Monday, March 14, 2011

The ties that bind - healthy eating policies, agriculture, the economy, and population health

I am no economics expert nor claim to have all that much knowledge about ‘the economy;’ I have troubles simply deciding where to invest. However, from a population health perspective, I was so intrigued with this recent Lancet article in the series “Chronic Diseases and Development” that I wanted to share it with it you. It highlights the inextricable and complex connections between the global economy (specifically agri-trade), our food consumption patterns, and health – something that is only beginning to be realized. The paper also shows what can happen from an equity perspective – the global winners and losers of adopting healthy eating recommendations.  

There is no doubt that the way we have been eating for the last 30 years, has contributed in some way to the rise in obesity and chronic diseases like diabetes and cardiovascular disease. In fact, middle and low-income countries are now experiencing the ‘nutrition transition’ – a switch from primarily infectious to chronic diseases.
The authors assert that the reduction of the burden of chronic disease by healthier eating necessitates changes in agriculture, and manufacturing and trade world-wide. They first conducted a systematic review, to determine the most prevalent dietary recommendations developed by expert panels internationally (which was interesting in-and-of-itself and highlighted here) to inform their analysis. In short, the authors found broad consensus on the recommendations outlined below:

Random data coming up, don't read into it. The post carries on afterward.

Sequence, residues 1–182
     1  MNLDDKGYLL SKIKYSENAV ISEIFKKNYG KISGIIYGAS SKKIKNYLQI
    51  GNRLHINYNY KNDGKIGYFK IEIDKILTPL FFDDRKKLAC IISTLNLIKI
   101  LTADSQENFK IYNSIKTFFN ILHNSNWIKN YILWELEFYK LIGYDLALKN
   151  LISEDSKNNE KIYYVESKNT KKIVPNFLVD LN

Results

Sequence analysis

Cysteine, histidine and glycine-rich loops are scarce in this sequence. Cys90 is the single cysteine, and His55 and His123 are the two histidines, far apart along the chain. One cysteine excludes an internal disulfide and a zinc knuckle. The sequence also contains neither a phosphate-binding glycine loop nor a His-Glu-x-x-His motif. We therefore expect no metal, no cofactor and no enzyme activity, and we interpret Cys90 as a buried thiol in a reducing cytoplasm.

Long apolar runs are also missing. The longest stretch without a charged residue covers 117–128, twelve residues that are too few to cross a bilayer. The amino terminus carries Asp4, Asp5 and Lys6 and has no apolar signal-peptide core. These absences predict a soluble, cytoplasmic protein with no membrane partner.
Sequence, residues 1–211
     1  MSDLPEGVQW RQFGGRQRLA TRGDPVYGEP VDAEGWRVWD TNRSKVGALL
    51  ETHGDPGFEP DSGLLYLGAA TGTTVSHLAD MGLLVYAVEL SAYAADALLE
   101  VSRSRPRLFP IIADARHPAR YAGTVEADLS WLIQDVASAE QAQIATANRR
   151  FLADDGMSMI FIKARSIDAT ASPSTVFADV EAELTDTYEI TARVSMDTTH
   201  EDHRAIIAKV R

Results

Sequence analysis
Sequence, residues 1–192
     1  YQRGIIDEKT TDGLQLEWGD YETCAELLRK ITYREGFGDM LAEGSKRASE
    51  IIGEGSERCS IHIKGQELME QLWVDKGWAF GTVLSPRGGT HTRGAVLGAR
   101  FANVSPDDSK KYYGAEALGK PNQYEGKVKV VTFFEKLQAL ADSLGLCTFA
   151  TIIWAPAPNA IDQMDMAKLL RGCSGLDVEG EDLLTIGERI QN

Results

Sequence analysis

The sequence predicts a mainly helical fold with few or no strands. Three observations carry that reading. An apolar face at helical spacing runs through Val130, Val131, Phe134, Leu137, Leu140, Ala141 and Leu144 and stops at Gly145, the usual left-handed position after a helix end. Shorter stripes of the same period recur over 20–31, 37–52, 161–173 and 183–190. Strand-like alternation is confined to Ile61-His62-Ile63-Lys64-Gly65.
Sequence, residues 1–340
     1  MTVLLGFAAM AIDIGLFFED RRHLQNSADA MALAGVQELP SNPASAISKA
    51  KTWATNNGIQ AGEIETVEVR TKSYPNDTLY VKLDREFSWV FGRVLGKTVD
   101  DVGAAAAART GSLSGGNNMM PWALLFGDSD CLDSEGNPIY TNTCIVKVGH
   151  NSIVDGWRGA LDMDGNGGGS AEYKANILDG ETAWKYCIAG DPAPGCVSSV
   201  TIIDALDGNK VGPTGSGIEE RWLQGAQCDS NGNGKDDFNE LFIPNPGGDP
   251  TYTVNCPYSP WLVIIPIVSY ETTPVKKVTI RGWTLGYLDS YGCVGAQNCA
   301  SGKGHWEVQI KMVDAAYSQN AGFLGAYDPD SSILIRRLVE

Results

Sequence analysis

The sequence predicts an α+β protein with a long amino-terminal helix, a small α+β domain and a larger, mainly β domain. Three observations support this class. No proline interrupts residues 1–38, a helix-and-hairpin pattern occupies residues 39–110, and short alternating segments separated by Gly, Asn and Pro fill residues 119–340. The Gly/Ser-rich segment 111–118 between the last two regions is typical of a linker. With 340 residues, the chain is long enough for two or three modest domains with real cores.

• Eat large amounts of cereals, veggies, fruits, and pulses 
  • Try to eat >400 g/d of veggies and fruit 
  • Limit the amount of red and processed meats 
  • Avoid trans fats, saturated fats, and added sugars 
  • Try to get most of protein from plant sources 
  • Try to limit salt to < 5 g/d

The authors then focused on the population health impact of adopting saturated fat recommendations – selected because it has well established links to cardiovascular disease. Important to note here is that the major sources of saturated fat are from animals. What would happen then to the risk of cardiovascular disease in populations that adopted World Health Organization (WHO) recommendations to decrease saturated fat intake to 10% or less of daily caloric intake? The authors compared the UK and Brazil; the UK selected for its high quality population-level dietary data, and high-income status, and Brazil because it is one of the world’s largest exporters of chicken and beef, and a rapidly developing country that keeps 70% of its meat and poultry for domestic consumption.